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Among the Hidden

Among the Hidden


by Margaret Peterson Haddix

Edna Garner

Character Analysis

Luke's mom is the spoonful of sugar in Luke's medicine. Not many people can put a positive spin on having to hide 24/7, but Luke's mom does. She's always at the ready to give Luke a "reassuring squeeze" (1.7) or give his hair a good rustling just like the itty bitty baby—we mean, adolescent—that he is. Yep, we do get the feeling that Luke is just a little too close to his mom.

That's why her new job might be the best thing that ever happens to him. At first, Luke is devastated when she gets a job to bring extra income to the family and no longer spends all day with him. Most noticeable is the absence of her making food which "sent good smells throughout the house" (7.10).

But in the grand scheme of things, her daily departures may have helped Luke flee the coop. See, it's really hard to sneak out of the house when someone is constantly there. So Luke's mom sticking around would definitely be a deterrent. In addition to that, Luke might not have been so utterly bored and lonely if his mom was there to keep him company thus removing the need to escape and investigate the mystery child he saw in the window.

In the end, though, Mrs. Garner is a positive force in Luke's life and probably the source of the only happy memories he'll have of his childhood. Before he leaves for good, she makes the most of every minute they have together; "filling him up with memories" (30.23). Aw.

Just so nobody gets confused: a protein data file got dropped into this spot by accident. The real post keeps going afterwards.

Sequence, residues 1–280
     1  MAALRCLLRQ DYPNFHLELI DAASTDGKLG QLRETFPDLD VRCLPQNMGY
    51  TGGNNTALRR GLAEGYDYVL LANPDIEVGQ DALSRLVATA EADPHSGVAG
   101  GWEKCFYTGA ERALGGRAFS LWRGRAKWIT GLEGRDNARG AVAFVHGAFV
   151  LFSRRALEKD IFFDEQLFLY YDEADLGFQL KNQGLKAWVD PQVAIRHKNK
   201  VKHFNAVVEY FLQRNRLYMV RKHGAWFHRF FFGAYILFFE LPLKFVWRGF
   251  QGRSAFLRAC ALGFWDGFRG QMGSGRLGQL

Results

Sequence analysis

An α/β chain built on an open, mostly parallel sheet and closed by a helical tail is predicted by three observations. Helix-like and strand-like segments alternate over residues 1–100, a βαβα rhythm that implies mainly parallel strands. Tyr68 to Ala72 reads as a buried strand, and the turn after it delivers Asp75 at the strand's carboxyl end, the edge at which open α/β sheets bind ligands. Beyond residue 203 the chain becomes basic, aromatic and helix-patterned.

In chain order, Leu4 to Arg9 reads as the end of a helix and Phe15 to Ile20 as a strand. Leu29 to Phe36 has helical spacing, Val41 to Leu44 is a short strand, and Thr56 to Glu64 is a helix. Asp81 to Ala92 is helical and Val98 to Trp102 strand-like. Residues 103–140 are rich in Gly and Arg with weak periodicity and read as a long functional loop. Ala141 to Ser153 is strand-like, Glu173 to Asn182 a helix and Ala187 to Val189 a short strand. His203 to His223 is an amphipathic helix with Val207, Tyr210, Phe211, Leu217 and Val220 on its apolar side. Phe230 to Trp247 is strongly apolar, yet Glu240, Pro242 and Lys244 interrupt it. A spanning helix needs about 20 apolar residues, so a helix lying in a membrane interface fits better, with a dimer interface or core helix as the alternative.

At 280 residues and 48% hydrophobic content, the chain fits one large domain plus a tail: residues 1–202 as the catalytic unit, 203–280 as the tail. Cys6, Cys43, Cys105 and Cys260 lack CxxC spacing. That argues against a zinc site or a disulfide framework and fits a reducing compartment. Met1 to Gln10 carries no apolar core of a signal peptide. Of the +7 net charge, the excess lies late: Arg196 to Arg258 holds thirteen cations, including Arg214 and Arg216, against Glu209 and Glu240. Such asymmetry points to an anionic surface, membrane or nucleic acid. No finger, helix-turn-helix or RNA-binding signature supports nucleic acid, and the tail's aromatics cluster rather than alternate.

Earth Mother

What with the bread-baking and the home-making, Mrs. Garner comes across as an extra maternal type of woman, the kind of lady whose house would always be full of neighborhood kids. So, it's not exactly surprising that she decided to break the law and keep the child, when she unexpectedly finds herself pregnant. (The book is all vague, but the idea seems to be that women are sterilized after their second child, and if the sterilization doesn't work they're supposed to have abortions.)

Between aborting a wanted baby and breaking the law, we get her choice. But the way she frames it, that she would even let Mr. Garner consider other options, frames her as someone who's all about heart rather than head. Like Jen, she goes with her gut; she's not cautious and thoughtful and planful like Luke.

And in this world, that puts her at risk.